Harry Option 4: Don’t settle the loan, but Harry can only invest in fixed deposit at a rate of 3.5% per annum – what is the maximum salary deduction percentage can Harry take?

This scenario is a bit different. We start with the assumption that the BEST investment return Harry can get is 3.5% per annum from fixed deposits. How much can Harry afford to pay as a percentage of his salary if he does not want his investment to end up in the negative?

The answer, according to the table below, the highest salary deduction that Harry can take is 3% in order to keep his investment profitable.

3% of RM8,000 is RM240 monthly repayments. RM50,000 / RM240 = 208 months (17.4 years).

That means, if the salary deduction is going to be 4%, 5%, 6% and above, Harry’s investment will turn into losses. In this case, it’s better not to invest the RM40,000 cash, settle the loan instead and take that RM10,000 discount.

 

 

Harry Option 5: Don’t settle the loan and everything remains the same (as per the original contract)

If Harry does not settle and sticks to the original contract, that means a RM50,000 loan gets a 20-year tenure (Table 1).

The monthly repayment is RM50,000 / 240 months = RM208.33 per month.

As shown by the table below, when the loan is stretched to 20 years, the RM40,000 cash investment not only has more time to grow; the lower monthly repayment is less damaging to investment earnings, allowing it to be profitable.

So if nothing changes, then keeping the loan and not settling is the better choice for Harry.

 

 

SUMMARY for Harry

Option 1: Pay 80% of the loan and enjoy 20% discount

  • Save RM10,000
  • Free up RM208.33 of monthly commitment
  • But lose RM40,000 cash
  • Thoughts: Settle if there are no better options. If you have to borrow the RM40,000 cash at a cost, don’t even consider settling.

 

Option 2: Don’t settle the loan and continue paying every month at 15% salary deduction, and invest at a rate of 7% p.a.

  • 15% salary deduction of Harry’s RM8,000 gross income equals to RM1,200 monthly payment
  • 7% p.a. return on investment is not enough to stop Harry’s 50,000 investment to turn into a loss
  • To turn a profit, Harry needs a sustained return on investment of 15% p.a. which is a long shot
  • Thoughts: A clear sign to settle and take the 20% discount.

 

Option 3: Don’t settle the loan and continue paying every month at a lower 7% salary deduction, and invest at a rate of 7% p.a.

  • 7% of RM8,000 equals to RM560 of monthly repayments
  • 7% p.a. return on investment is good enough to turn a profit
  • If the rate of return dips below 6.6% p.a., the investment will turn into a loss
  • Thoughts: Harry should settle the loan now and take the 20% discount if he cannot find investment that can consistently give returns above 6.6%.

 

Option 4: Don’t settle the loan, but Harry can only invest in fixed deposit at a rate of 3.5% per annum – what’s the maximum salary deduction percentage can Harry take?

  • Harry can only invest in fixed deposits at a rate of 3.5% p.a.
  • Which means he can only take a maximum of 3% of salary deduction, which amounts to RM240 of monthly repayments
  • Thoughts: If Harry anticipates his salary deduction in 2019 will be anything above 3% of his gross income, it is better to settle the loan now and take the 20% discount.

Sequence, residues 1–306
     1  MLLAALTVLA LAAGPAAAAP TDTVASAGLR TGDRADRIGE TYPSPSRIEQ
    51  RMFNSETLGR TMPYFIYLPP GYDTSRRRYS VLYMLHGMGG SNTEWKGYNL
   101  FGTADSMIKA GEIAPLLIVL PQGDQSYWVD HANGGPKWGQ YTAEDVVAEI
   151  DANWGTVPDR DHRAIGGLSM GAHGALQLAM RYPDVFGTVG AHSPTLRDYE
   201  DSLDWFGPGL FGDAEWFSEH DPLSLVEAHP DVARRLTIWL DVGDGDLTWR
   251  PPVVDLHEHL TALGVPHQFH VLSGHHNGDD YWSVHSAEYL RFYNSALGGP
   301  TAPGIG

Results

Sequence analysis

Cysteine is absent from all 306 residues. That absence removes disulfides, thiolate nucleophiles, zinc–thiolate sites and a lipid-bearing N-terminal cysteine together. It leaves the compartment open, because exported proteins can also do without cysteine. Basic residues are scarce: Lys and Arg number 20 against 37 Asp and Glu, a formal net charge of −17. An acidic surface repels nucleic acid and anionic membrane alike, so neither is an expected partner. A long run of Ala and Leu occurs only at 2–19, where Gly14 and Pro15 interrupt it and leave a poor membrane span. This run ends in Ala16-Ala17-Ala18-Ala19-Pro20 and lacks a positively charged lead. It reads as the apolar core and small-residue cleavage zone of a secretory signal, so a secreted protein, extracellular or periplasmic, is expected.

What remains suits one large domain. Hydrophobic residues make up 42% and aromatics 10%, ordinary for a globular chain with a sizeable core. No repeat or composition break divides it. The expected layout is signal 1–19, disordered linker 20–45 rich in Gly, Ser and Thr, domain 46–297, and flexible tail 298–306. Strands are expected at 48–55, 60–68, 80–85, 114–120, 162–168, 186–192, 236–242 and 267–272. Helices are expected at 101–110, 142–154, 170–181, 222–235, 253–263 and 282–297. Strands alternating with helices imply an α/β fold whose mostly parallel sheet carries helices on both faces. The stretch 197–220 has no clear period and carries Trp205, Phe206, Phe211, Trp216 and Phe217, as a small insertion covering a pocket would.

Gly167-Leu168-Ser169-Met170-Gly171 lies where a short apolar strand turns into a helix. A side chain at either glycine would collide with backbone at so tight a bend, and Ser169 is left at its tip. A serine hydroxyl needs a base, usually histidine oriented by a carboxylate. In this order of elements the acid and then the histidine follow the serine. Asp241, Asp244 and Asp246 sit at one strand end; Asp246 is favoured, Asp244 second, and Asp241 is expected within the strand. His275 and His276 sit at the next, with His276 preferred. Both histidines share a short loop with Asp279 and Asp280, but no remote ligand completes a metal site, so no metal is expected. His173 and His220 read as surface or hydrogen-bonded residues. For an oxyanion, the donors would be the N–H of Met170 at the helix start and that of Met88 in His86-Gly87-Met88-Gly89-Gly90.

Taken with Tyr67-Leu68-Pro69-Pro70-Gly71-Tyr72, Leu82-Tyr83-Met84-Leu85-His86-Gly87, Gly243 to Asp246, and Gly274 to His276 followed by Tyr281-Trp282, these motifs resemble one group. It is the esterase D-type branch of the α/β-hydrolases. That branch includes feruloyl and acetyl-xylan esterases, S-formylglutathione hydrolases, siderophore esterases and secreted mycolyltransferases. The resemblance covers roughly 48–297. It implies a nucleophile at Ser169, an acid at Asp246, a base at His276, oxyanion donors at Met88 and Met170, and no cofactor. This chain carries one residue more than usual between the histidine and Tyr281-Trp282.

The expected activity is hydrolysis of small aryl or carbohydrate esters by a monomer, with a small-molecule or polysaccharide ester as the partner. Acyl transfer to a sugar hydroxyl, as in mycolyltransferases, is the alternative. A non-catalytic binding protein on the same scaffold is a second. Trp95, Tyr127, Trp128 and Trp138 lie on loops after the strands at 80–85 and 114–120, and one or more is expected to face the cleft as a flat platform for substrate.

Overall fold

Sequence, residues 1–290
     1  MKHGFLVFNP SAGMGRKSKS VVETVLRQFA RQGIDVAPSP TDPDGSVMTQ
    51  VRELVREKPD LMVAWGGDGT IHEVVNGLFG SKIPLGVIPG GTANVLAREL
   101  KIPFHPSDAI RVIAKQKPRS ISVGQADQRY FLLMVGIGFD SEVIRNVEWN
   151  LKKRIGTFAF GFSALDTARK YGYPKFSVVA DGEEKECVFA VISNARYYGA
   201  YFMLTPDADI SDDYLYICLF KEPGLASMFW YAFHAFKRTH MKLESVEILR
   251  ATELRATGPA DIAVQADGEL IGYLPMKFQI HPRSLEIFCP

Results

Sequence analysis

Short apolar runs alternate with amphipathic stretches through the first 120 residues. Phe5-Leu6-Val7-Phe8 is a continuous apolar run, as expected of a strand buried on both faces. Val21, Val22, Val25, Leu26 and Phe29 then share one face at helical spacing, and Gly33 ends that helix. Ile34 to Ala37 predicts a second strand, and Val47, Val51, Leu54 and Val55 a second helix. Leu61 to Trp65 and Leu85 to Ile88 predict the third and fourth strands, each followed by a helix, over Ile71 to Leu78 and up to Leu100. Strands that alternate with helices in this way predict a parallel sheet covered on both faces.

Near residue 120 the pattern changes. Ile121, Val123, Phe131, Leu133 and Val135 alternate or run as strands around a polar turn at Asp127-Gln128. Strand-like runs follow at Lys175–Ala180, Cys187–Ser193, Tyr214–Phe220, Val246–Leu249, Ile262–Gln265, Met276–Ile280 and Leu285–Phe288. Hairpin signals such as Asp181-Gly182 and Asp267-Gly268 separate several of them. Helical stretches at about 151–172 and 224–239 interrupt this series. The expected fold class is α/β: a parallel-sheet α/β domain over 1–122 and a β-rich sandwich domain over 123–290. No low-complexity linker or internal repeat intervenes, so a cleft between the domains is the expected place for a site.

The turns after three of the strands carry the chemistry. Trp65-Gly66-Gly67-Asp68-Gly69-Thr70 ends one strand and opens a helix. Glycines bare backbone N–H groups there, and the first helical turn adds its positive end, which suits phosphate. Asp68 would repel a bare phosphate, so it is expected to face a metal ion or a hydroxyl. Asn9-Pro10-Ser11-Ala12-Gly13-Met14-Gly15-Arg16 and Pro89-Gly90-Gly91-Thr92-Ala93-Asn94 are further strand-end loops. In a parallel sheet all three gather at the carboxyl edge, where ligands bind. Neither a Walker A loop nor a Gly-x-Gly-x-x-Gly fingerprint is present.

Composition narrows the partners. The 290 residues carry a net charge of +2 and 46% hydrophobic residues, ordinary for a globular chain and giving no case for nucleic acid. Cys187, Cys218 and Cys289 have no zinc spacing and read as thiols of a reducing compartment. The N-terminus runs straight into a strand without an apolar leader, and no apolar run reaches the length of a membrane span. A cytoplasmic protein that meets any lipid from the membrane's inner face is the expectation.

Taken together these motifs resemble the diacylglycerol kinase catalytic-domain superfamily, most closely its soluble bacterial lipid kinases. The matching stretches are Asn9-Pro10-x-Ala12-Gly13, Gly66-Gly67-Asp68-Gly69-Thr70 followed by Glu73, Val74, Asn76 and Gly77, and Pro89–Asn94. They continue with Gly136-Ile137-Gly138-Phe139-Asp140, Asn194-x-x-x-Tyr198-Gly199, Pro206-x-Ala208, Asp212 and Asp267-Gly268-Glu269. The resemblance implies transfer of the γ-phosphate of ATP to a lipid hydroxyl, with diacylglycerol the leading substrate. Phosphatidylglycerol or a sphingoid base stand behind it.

Option 5: Don’t settle the loan and everything remains the same…

  • At status quo, the repayment is only RM208.33
  • RM208 taken out monthly is low enough to not shrink the RM40,000 principal too quickly
  • The long tenure of 20 years will allow the principal to generate enough income to cover the full RM50,000 loan and still turn a neat profit of RM7.552.01
  • Thoughts: This is a clear sign to keep the loan and invest the cash you have instead.

 

 

Conclusion

If you made it this far, I’m amazed and thank you for reading.

The PTPTN loan is a super low cost loan with the only cost imposed on borrowers being the 1% flat fee. That’s the best part – there is no compound interest.

It means you can take 3 years to pay or you can take 20 years to pay – the loan does not grow in size. I don’t know where else you can get this kind of loan except from the Father-Mother Fund of Eternal Love. Personally, if my monthly repayment is reasonable, I would just keep the loan.

But as you can see from the examples in the article, if your salary is on the lower side, keeping the loan seems to be the more attractive decision, whereas if your salary is on the high side, it’s risky to keep it and much better to settle now. This is because with higher salary, your monthly salary deduction will be huge, which lessens the loan tenure, which means if you choose to invest your principal, it won’t have time to outgrow your expenses. The opposite is true for low salaries.

The government made another announcement recently that they are going to need between 6 months to 1 year to determine the appropriate methods to encourage more students to pay up. So until they announce anything, we won’t know what’s going to happen.

The point of this article is to help you think about possible future scenarios and how it affects you. Whether you take the discount or not depends entirely on your risk appetite, investment preferences, your salary and what you think can happen in the future. Now that you are equipped with extra methods to weigh the pros and cons, hopefully it will help you make a better decision for your financial future.